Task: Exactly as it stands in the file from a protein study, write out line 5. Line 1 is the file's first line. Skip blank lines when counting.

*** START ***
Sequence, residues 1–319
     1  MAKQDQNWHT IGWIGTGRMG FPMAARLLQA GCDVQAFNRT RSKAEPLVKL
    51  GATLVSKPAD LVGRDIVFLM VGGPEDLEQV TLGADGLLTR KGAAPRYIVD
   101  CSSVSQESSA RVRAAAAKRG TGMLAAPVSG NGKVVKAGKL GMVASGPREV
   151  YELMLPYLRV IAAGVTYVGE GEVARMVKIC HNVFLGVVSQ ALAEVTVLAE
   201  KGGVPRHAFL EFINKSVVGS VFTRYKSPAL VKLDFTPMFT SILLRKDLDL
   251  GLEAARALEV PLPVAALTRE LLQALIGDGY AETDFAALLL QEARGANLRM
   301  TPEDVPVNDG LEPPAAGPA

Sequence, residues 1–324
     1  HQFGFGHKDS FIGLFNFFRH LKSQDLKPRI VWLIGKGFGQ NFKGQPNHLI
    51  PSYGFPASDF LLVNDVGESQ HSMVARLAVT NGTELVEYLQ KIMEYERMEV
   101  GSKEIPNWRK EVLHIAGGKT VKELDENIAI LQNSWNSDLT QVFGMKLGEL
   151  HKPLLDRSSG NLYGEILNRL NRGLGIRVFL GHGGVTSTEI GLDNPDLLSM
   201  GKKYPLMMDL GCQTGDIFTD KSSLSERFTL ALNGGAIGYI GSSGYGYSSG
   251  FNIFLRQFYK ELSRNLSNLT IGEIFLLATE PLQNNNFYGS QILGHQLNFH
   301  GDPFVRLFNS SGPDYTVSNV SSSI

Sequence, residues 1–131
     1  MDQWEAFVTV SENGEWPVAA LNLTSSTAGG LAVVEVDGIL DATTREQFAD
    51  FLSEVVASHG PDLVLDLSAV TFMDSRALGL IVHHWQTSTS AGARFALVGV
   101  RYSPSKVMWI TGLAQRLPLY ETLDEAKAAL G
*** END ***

   151  YELMLPYLRV IAAGVTYVGE GEVARMVKIC HNVFLGVVSQ ALAEVTVLAE